The jury in the Jodi Arias trial has one decision left to make: Should she live or die?
After months of dramatic testimony full of so many twists and turns that people lined up for seats in the Phoenix courtroom, jurors began deliberations Tuesday to decide whether Arias should get the death penalty or life in prison for murdering her ex-boyfriend.
Earlier this month, jurors convicted Arias of first-degree murder and found that she was “exceptionally cruel” when she killed Travis Alexander in 2008. She stabbed him 29 times, slit his neck from ear to ear and shot him in the face.
On Tuesday, the same jury that found Arias guilty of murder deliberated for about an hour and a half before adjourning for the day. They are scheduled to come back to court and continue weighing her fate Wednesday at 10 a.m. (1 p.m. ET).
Arias pleaded for her life to be spared, telling jurors Tuesday that she could teach people to read in prison and make a positive impact on inmates.
She also called the murder of Alexander “the worst mistake” she’d ever made, but she never apologized during the 19-minute plea to the jury.
She told jurors that she had been a victim of abuse as an adult and as a child. She showed several family photos from holidays and vacations. She claimed she was a gentle person who caught spiders in cups and took them outside rather than kill them. And she showed the jurors several pieces of her artwork.
“I’m not going to become a mother because of my own terrible choices,” she said, adding that she would no longer be able to paint with oil, either.
It was a drastic change in tone from less than two weeks ago, when a tearful Arias, minutes after her murder conviction, told a local television station that she wanted to be sentenced to death.
Explaining her decision not to request the death penalty, Arias said Tuesday that her family — to whom she pointed in the courtroom — gave her the strength to continue living.
Her previous comments about her desire to die were sincere when she expressed them, Arias said.
“Each time I said that, though I meant it,” she said, “I lacked perspective.”
She noted she could bring “people together in a constructive and positive way” by participating in various programs, including prisoner literacy initiatives, her “Survivor” T-shirts, which would benefit victims of domestic violence, and by donating her hair so it could be used to make wigs for sick children.
Wearing black and starting about 90 minutes later than scheduled, Arias, 32, said she never wanted the “graphic, mortifying, horrific details (of her and Alexander’s relationship) paraded out into the public arena.”
“It’s never been an intention of mine to malign his name or character,” she said.
Defense attorney Jennifer Willmott argued Tuesday that Arias’ life should be spared.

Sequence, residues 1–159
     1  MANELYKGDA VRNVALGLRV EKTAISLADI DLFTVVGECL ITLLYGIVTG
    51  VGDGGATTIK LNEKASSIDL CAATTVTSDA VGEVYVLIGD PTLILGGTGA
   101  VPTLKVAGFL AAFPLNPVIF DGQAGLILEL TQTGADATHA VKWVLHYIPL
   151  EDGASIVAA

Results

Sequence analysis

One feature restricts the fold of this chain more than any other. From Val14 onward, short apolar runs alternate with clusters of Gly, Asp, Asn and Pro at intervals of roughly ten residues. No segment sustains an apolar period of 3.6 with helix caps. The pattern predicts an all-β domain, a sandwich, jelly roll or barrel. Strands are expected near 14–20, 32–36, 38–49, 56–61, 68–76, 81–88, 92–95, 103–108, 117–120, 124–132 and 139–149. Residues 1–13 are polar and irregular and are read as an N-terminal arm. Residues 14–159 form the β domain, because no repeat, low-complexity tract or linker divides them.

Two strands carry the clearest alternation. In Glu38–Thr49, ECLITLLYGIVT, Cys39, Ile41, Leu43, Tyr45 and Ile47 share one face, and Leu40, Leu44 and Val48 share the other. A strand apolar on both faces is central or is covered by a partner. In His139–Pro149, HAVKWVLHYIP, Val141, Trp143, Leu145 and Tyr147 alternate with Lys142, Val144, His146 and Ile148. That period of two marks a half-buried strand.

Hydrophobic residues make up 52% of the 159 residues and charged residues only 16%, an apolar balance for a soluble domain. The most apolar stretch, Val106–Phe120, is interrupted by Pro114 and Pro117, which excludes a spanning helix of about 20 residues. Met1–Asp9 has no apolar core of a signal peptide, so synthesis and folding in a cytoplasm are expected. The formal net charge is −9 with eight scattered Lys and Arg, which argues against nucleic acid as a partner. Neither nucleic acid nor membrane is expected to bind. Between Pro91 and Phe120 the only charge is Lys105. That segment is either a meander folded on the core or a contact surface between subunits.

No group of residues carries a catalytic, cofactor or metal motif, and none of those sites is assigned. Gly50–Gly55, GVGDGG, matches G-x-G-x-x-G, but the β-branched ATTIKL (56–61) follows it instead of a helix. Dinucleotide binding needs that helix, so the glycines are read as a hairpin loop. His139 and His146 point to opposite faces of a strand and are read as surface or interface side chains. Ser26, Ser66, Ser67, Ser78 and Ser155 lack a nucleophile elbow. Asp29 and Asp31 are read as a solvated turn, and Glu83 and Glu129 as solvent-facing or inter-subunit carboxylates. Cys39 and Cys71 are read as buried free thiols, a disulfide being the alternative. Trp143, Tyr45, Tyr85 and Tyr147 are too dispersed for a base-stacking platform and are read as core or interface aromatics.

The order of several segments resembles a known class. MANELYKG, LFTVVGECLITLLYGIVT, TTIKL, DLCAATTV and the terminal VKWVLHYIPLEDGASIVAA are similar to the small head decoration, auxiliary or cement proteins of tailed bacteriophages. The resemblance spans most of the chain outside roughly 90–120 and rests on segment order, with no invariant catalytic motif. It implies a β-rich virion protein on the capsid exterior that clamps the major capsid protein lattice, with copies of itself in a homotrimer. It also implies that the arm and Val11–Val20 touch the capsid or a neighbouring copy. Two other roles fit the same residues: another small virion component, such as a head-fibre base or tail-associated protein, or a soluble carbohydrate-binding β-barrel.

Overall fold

“We’re not talking about whether or not to convict. We’re talking about whether or not to kill. And so when we talk about that, it matters that she was 27 years old and she had no criminal history,” she said. “It matters that she hadn’t done anything wrong in her life befo re that.”
Prosecutor Juan Martinez said pointing to Arias’ artwork as evidence that her life should be spared wasn’t a valid defense.
“It’s an entitlement road that they want you to travel when they talk to you about the fact that she’s a good artist,” he said. “It doesn’t mean anything. All it means is, give her special or preferential treatment.”
He argued that jurors should sentence Arias to death.
“You have a duty, and that duty really means that you actually do the honest, right thing, even though it may be difficult,” he said. “And in this case … the only thing you can do based on the mitigating circumstances and their lack of, is to return a verdict of death.”
During the trial, Arias claimed she killed Alexander in self-defense after he attacked her. After the guilty verdict, she told a local television station that she had no interest in life in prison.
“I said years ago that I’d rather get death than life, and that still is true today,” she told Phoenix television station KSAZ. “I believe death is the ultimate freedom, so I’d rather just have my freedom as soon as I can get it.”
The penalty phase of the trial took a sudden break Monday, when the judge said that proceedings could not continue and that Arias would make the statement to the jury.
The adjournment followed Judge Sherry Stephens’ dismissal of a defense motion for a mistrial and ended a session in which the defense called no witnesses on Arias’ behalf. Also denied was a second request by Arias’ lawyers to withdraw from the case.
Arias, who testified for 18 days during the trial, was not cross-examined after her Tuesday statement, which Stephens said was not under oath.
For Arias to be sentenced to death, the jury’s decision must be unanimous. In the case of a deadlock, a new jury would be chosen for this phase only.
If Arias is given a sentence of death, she would be the fourth woman on death row in the state.
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